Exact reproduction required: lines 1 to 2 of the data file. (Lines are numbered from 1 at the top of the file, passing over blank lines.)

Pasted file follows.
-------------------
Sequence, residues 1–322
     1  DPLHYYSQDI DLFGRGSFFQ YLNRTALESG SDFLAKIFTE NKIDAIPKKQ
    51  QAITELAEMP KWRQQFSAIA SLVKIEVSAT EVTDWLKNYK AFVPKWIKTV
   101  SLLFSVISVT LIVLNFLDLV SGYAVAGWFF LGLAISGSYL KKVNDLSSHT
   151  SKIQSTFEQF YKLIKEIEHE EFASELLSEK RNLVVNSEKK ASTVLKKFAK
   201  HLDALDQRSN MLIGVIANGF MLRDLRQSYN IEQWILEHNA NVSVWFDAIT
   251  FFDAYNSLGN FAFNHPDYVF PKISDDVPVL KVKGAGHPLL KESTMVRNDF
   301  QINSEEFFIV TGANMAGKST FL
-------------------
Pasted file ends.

Sequence, residues 1–322
     1  DPLHYYSQDI DLFGRGSFFQ YLNRTALESG SDFLAKIFTE NKIDAIPKKQ